- Ellen Lichtenstein, 38, quit her six-figure job because she was tired of “corporate BS”.
- She now works 12 hour days at her two businesses and a full-time opportunity.
- But she says she has never been happier and plans to retire at the age of 55.
In March 2020, 38-year-old Ellen Lichtenstein felt “burnt out” in her six-figure content marketing job at a software technology provider, which she said was “very micromanaged and demoralizing.”
“I reached my breaking point with the corporate BS and didn’t really feel like I was going anywhere,” she said. “People loved my job, but I was just stuck in whatever role they wanted me to play – I didn’t really have any autonomy.”
On a whim, she decided, “You know what, I’m done.” I am leaving.
She took time off – thinking it might help – but never came back. Today she has two businesses, a full-time opportunity, works 12 hour days, makes more money – and says she’s never been happier. In addition, she thinks she can retire at 55.
Lichtenstein says she wouldn’t recommend this lifestyle to anyone unless they’re “in love with what they do” — she “works almost all the time,” bouncing between multiple computers and Slack channels.
“If I didn’t have some kind of light at the end of the tunnel to say, ‘Okay, if I do this, I can retire earlier,’ I wouldn’t be so motivated to do all these different things and to work really hard,” she says.
Lichtenstein is one of many Americans who have experienced burnout in recent years. According to Gallup’s 2022 State of the Global Workplace Report, 50% of 1,000 American workers surveyed said they felt stressed on a daily basis. While some of these workers have embraced the “silent quit,” which describes the idea of drawing boundaries between work and personal life while collecting a paycheck, others continue to join the “big quit.” and stop.
While many Americans have sought out freelancing opportunities, millions, like Lichtenstein, have decided to start their own businesses. American workers filed more than 5 million new business applications in 2021, the most since 2005. While this path is not without its challenges, many of these entrepreneurs have never been happier.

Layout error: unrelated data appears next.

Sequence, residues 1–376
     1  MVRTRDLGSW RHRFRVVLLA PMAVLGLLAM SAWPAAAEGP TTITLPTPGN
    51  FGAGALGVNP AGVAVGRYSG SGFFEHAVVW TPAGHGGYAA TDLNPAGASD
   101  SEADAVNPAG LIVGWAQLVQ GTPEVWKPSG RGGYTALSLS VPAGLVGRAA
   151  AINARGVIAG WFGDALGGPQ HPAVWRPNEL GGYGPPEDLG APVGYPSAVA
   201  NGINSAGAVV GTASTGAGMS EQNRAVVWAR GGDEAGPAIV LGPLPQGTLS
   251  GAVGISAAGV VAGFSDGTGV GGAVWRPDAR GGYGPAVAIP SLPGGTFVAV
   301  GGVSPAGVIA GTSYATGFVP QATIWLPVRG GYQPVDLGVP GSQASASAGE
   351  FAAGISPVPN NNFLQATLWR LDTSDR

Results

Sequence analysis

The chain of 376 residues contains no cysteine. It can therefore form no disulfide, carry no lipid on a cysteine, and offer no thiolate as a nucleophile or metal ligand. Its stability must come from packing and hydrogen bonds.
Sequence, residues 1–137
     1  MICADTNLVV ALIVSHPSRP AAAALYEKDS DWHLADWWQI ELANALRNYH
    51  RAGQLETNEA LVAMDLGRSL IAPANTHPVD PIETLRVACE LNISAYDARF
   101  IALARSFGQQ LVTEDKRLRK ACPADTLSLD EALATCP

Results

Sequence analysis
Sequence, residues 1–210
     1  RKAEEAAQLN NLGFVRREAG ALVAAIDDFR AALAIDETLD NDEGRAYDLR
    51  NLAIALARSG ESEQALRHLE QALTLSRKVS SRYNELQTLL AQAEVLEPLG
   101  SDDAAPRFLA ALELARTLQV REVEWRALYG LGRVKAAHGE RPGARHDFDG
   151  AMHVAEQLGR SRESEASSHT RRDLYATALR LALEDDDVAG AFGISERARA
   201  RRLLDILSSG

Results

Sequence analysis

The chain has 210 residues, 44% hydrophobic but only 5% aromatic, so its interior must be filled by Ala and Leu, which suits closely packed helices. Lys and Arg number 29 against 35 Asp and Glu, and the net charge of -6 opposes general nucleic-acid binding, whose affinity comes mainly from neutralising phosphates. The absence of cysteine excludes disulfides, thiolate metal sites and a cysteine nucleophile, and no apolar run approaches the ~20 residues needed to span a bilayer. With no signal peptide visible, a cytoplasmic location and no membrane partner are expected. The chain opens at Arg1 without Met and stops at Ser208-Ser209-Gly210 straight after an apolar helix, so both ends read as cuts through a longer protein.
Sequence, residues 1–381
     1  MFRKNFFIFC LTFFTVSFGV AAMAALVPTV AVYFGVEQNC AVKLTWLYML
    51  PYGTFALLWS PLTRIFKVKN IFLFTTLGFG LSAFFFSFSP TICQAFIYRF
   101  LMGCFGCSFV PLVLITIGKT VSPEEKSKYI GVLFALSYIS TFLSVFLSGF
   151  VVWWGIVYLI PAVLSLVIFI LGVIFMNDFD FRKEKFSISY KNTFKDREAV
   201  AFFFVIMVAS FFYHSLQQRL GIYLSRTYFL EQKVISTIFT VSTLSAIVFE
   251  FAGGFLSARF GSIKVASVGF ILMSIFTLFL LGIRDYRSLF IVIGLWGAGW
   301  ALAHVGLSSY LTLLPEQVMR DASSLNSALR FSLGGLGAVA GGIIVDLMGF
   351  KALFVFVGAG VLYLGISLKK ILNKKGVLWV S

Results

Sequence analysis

An offer “too good to refuse”
In June 2020, Lichtenstein launched a digital marketing company – Just Add Communications. The company has generated more than $400,000 in revenue since its inception, and Lichtenstein has personally pocketed an average of about $40,000 a year after paying two employees and covering other expenses, according to documents seen by Insider.
That same summer, she founded a second company – Leg Up Learning Solutions – through which she offers riding lessons and horse-facilitated learning on her Colorado property.
Last March, one of his biggest Just Add clients made him a job offer “too good to turn down”. For about 80% of her old salary, she could continue to provide the same services but as an “in-house” employee. And especially for Lichtenstein, she would be allowed to continue running Just Add if she agreed to limit the number of new customers she accepted.
“It was important to me to keep the business running because I never want to be dependent on an employer again and be like, ‘I can’t quit, I have no other options'” she says.
Lichtenstein credits much of her success to the 15 years of relationships she has forged across different industries during her career in television, grocery store, call center and communications.
“As soon as I was available and said, ‘Hey, I’m here. I have a business. I work,” people knocked on my door saying, “I need you for this or that,” she added. said.
Lichtenstein’s business provides digital and content marketing for clients ranging from individual insurance agencies to large universities or technology companies. Her services range from writing articles for business executives to video production — “anything to do with creating content that generates leads,” she says.
“It’s much better suited to the life I want to live.”
Between her three sources of income, Lichtenstein says she now makes “a little more” money than with her old job which she “hated”.
Since her digital marketing company lost a big client when she took the full-time job, she’s not sure she’ll be able to make more than $25,000 in salary this year. And although she earns around $500 a month from Leg Up, that doesn’t cover the cost of maintaining her horses.
That said, she says there is no comparison when it comes to her quality of life.
“It’s better suited to the life I want to live. I’m more fulfilled, I’m happier and I have a lot more control over what I’m doing and that’s really important to me,” he said. she declared.
Lichtenstein says that if possible, aspiring entrepreneurs should consider starting their business while they remain fully employed — “testing the waters” to see if there is a market for their product before quitting. But at some point, she says, you have to take the leap.
“You have to get to a point where you just say, ‘I’m not 100% sure if this business is viable, but I’m going to throw it all in there for a while and see,'” she said. “Because I don’t think you can really throw it if you have one foot in and one foot out.”
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